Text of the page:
Note that UI benefit eligibility doesn't turn on steady employment. If the worker held four different jobs during that period, they would still be eligible. The sole question is whether they worked the requisite 680 hours during the base period.

Job Search Requirements

Washington state unemployment insurance is meant to assist workers who are between jobs – workers who find themselves unemployed, but who are actively seeking new employment. The state does not intend to pay UI benefits to individuals who are simply taking a downtime period or a vacation from work. To prevent that, the state imposes a requirement that the workers be able to work, be available to work and be actively seeking employment.

To show that they meet these requirements, unemployed Washington workers normally have to seek work every week. To maintain their eligibility, the worker has to keep track of the employment-related contacts they reach out to. If a worker gets a job offer that has similar hours and salary to their prior position, they must accept it. The ESD may contact the listed potential employers to be sure that the worker contacted them for employment.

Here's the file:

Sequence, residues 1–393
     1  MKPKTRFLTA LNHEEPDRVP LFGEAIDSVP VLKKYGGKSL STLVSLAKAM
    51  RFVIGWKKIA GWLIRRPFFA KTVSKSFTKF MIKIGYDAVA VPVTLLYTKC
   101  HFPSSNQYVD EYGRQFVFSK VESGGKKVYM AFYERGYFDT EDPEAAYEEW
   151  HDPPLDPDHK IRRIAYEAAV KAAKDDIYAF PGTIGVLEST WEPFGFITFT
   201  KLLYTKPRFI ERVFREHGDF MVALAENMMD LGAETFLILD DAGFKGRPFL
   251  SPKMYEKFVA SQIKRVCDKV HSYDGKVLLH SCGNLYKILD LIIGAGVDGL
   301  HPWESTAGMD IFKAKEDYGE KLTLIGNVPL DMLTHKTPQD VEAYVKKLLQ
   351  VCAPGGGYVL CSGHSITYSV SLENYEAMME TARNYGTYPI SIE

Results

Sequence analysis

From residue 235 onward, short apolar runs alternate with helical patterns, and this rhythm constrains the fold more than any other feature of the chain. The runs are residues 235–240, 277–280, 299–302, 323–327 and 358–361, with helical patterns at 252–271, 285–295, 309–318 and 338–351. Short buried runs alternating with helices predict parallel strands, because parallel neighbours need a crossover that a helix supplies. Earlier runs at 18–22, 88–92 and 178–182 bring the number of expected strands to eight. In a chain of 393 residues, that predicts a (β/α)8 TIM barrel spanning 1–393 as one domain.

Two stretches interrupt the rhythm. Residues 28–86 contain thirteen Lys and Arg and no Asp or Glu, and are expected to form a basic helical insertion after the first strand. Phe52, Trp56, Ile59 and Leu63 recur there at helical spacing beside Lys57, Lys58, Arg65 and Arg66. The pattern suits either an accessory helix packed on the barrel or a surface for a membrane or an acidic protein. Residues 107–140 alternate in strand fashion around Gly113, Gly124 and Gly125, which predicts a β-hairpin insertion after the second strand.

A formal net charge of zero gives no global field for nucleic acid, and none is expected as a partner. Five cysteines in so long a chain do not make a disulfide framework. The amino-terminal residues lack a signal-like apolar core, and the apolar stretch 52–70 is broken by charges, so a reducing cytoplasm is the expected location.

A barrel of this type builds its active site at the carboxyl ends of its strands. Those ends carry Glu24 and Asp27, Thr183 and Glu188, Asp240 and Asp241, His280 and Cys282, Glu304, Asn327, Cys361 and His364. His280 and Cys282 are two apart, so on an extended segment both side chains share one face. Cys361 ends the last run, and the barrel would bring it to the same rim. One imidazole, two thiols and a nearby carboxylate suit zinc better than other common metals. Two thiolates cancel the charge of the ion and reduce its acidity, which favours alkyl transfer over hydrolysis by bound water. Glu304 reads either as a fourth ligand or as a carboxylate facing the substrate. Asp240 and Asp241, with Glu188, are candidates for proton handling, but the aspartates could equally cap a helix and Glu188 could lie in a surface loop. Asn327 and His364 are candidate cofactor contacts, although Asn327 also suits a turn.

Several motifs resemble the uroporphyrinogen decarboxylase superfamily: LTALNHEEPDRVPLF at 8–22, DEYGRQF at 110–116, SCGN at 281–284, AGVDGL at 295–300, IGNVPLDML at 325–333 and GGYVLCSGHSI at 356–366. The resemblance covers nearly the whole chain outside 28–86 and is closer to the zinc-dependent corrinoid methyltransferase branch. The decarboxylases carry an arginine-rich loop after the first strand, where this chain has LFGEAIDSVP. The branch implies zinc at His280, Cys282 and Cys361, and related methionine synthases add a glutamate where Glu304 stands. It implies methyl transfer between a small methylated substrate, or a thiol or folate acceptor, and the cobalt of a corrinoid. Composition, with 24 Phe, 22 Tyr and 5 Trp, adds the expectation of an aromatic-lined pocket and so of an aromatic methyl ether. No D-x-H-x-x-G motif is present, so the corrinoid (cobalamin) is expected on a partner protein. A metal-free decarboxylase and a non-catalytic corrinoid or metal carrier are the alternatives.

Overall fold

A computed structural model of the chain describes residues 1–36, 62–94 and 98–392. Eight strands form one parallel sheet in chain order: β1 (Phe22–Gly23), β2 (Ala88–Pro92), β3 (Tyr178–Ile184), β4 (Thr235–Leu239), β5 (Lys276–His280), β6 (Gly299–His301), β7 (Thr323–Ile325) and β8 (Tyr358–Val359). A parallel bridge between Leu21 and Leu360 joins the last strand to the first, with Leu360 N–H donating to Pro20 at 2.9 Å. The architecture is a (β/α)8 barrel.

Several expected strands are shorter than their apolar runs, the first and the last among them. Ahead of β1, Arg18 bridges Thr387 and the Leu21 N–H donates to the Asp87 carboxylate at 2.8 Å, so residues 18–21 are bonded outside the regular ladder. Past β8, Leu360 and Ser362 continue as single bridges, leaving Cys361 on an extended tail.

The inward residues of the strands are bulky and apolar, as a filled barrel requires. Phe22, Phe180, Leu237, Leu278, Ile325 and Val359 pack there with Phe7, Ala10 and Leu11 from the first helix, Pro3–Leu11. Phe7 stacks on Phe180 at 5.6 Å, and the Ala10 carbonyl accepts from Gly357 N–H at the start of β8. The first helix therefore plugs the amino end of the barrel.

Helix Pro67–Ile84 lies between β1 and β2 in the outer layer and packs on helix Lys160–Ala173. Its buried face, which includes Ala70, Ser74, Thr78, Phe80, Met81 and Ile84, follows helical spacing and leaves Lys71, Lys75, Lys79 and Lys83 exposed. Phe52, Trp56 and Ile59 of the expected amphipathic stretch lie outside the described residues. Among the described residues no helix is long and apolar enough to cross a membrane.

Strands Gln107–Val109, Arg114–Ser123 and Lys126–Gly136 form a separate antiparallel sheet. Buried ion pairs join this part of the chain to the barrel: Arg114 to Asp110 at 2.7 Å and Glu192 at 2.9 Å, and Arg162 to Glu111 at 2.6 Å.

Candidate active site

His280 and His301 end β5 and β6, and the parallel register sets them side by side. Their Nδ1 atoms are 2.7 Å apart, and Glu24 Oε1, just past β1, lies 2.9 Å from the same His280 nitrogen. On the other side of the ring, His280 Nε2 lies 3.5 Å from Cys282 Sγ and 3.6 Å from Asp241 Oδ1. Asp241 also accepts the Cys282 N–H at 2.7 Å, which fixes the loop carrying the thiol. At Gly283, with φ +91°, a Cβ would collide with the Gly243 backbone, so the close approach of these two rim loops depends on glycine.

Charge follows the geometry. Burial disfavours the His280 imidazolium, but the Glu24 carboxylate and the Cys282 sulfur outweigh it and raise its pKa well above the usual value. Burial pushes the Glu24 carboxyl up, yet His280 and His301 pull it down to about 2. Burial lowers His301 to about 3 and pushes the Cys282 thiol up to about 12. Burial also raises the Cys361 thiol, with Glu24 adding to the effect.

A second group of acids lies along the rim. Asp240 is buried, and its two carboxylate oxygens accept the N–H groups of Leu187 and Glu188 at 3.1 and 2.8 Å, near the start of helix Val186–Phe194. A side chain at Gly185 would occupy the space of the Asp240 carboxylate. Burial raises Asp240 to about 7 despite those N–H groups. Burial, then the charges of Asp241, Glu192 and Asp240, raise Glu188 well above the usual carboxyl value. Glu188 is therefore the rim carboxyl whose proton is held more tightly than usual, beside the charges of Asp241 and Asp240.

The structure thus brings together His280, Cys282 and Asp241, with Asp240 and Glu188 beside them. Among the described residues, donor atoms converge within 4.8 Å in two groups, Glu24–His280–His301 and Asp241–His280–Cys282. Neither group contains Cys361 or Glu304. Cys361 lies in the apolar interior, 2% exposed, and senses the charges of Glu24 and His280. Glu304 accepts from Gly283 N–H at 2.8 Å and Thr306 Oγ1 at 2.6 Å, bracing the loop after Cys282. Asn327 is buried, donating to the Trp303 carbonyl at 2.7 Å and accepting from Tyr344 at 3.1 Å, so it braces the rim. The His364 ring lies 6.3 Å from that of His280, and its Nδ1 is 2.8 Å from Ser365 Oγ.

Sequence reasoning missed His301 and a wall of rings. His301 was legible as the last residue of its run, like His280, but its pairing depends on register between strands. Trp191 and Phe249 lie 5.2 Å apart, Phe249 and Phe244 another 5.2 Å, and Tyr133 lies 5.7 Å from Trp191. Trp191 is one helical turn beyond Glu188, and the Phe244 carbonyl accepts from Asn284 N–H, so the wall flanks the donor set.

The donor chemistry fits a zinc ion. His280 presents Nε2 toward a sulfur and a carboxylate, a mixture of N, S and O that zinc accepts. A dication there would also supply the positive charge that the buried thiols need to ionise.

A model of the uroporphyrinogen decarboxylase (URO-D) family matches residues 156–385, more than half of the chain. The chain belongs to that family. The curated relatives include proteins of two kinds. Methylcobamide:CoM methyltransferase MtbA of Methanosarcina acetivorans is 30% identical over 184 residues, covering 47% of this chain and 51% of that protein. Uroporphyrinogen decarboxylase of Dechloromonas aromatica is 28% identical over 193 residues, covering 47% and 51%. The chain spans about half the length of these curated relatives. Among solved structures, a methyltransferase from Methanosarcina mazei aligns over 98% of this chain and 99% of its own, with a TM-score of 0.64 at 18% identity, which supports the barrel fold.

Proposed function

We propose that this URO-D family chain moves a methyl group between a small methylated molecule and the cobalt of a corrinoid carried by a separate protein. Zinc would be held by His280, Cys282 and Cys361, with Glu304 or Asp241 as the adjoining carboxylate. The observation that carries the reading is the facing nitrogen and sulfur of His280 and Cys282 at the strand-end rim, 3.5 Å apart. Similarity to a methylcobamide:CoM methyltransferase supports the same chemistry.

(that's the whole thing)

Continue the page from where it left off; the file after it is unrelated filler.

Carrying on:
Pandemic Unemployment Modifications

Federal pandemic unemployment, under the CARES Act and subsequent legislation, changes the "must be willing to work" requirement in some circumstances. It modifies the requirement to fit the pandemic situation. For example, if an employee is infected with COVID-19, caring for someone who has COVID-19 or taking care of minor children because schools are closed, they are eligible for continued benefits without seeking other employment.